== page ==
Yes, but so does common sense. The constant chant in today’s social science classrooms, often reiterated in English and philosophy departments, is that all cultures are equally valid and, therefore, all morality is equally arbitrary. Nothing is right or wrong. Any sensible person would suppose that this is just a slogan and that even the most committed relativist would have to admit that some things are wrong, no matter how some group judges them. But many cultural relativists are not sensible.

Consider this example. Recently, in collaboration with a graduate student, I began a study of female circumcision, an extraordinarily brutal and vicious practice that involves cutting away all of a young woman’s external genitals, done at about age twelve without any pain medications or antibiotics. The practice is prevalent in Africa, among other places. Reading the social science literature, we discovered that French anthropologists have denounced efforts to end this practice as “cultural colonialism” and “racist.” This, of course, is totally in conflict with the great moral achievements of Western civilization, which sustain the recognition that some things, such as slavery, are immoral no matter what. All students should be taught that Western societies were the only ones ever to outlaw slavery without being forced to do so by outside interference. And surely no one dismisses the Holocaust as merely reflecting that Hitler and the Nazis had a different, but valid, moral code.

You make some pretty bold claims in this book, one of which is that the accomplishments of Rome can be boiled down to the invention of concrete and the rise of Christianity. What do you make of Roman contributions to politics, namely republican government?

Not much. The Roman republic was ruled by a senate to which only the superrich could belong. No doubt it was a better form of government than the imperial system that replaced it, but it was less representative and responsive than Greek democracy, which often elected men of very modest means. Of course, both the Greeks and the Romans possessed huge numbers of slaves (Aristotle owned thirteen and Plato owned six), but Greek society was less repressive and brutal. Even during the days of the republic, Romans regarded mass torture and murder as a popular form of mass entertainment. Probably more than 2.5 million persons died hideous deaths in the many Roman amphitheaters, all before cheering crowds.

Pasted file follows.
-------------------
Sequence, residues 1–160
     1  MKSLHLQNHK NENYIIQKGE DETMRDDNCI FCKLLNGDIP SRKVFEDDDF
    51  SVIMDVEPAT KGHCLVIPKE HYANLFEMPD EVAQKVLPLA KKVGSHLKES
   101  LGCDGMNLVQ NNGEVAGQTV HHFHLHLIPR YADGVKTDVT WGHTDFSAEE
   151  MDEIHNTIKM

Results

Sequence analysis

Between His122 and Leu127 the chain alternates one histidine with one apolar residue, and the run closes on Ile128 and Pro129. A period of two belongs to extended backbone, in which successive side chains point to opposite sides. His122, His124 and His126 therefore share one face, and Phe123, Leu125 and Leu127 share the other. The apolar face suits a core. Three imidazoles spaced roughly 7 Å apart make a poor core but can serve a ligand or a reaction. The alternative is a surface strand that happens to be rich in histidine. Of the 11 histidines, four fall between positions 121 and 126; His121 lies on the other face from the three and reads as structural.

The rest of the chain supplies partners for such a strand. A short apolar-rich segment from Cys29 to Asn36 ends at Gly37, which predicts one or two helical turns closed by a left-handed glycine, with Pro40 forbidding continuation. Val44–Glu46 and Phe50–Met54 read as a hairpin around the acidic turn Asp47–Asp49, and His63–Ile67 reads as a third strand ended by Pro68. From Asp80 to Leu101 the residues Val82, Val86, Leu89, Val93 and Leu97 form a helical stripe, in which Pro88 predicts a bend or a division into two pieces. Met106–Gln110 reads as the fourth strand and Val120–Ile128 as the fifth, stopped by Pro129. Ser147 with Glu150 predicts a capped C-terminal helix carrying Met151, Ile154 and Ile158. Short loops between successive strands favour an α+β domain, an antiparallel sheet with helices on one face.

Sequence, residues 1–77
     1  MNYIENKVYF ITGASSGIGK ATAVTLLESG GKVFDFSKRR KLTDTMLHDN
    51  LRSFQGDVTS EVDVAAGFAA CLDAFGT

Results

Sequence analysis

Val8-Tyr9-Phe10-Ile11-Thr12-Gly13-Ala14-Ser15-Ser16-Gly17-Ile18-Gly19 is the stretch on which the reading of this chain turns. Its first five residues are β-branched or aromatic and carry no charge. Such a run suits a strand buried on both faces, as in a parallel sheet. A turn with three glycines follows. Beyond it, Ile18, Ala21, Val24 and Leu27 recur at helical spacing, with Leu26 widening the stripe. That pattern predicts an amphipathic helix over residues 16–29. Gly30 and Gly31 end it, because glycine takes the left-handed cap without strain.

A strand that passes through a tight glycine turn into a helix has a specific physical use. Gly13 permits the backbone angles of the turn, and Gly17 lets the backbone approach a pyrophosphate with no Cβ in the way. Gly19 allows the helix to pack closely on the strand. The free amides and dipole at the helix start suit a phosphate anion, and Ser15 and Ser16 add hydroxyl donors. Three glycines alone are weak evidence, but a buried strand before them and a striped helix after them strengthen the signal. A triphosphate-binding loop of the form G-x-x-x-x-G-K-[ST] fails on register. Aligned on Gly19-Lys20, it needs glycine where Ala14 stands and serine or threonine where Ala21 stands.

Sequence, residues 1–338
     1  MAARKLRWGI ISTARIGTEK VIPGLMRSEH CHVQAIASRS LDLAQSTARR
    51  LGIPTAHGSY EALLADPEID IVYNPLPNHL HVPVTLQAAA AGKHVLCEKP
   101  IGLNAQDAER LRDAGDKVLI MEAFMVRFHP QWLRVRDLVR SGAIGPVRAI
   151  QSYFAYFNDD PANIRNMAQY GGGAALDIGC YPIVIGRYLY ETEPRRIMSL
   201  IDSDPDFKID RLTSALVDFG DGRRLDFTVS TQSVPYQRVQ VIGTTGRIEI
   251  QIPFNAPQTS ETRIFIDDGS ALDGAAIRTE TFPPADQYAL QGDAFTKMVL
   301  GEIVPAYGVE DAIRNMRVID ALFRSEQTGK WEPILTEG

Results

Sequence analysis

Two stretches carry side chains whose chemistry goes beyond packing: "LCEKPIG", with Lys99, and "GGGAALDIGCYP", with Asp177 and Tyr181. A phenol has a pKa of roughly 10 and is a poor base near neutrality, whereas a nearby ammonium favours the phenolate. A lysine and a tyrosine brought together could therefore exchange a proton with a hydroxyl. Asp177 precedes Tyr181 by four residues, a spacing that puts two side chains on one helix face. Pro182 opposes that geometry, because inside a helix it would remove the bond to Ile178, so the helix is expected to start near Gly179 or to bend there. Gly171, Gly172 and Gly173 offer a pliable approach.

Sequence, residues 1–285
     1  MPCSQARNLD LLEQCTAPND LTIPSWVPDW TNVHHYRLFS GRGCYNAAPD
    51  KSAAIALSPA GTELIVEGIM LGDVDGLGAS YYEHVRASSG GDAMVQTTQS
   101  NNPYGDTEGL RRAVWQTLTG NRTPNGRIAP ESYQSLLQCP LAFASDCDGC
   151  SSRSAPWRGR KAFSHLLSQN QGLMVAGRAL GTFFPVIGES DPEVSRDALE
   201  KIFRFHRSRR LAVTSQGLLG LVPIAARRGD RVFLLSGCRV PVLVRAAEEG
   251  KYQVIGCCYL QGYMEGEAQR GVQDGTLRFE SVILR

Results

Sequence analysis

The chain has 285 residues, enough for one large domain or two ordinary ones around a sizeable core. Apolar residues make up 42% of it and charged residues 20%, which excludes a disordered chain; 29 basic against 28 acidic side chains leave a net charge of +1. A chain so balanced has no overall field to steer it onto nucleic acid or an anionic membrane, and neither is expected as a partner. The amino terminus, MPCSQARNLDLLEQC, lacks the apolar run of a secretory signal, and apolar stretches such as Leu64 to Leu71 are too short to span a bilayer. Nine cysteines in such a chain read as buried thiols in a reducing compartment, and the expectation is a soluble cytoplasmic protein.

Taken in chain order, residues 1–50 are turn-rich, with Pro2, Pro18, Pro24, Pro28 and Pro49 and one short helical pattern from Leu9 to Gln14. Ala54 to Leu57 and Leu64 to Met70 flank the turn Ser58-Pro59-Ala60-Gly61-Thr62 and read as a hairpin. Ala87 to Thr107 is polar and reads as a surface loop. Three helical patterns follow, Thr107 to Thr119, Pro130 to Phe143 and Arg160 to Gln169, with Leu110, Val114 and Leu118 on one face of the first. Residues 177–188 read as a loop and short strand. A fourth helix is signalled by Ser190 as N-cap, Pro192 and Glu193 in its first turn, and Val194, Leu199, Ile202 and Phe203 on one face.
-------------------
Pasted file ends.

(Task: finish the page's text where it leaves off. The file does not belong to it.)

You talk about the strengths of Western civilization. What are its weaknesses?

I don’t think there are important weaknesses that are specific to Western civilization. As with all human groups, the primary basis for social problems lies in the universal human flaws summed up as the Seven Deadly Sins: wrath, avarice, sloth, pride, lust, envy, and gluttony. Unfortunately, because of its advanced technology, Western civilization greatly magnifies the consequences of some of these sins. When wrath erupts into war, the results are often far more dire than when people armed only with swords and spears go to war—although even among Stone Age groups, an entire small society was sometimes wiped out. The combination of avarice and envy has produced the modern development of the welfare state, which too often encourages sloth. Lust, combined with freedom, has fostered a huge pornography industry. And although not very long ago millions were chronically undernourished, today gluttony has resulted in widespread obesity.

The ins and outs of mass American polarization

12 Jun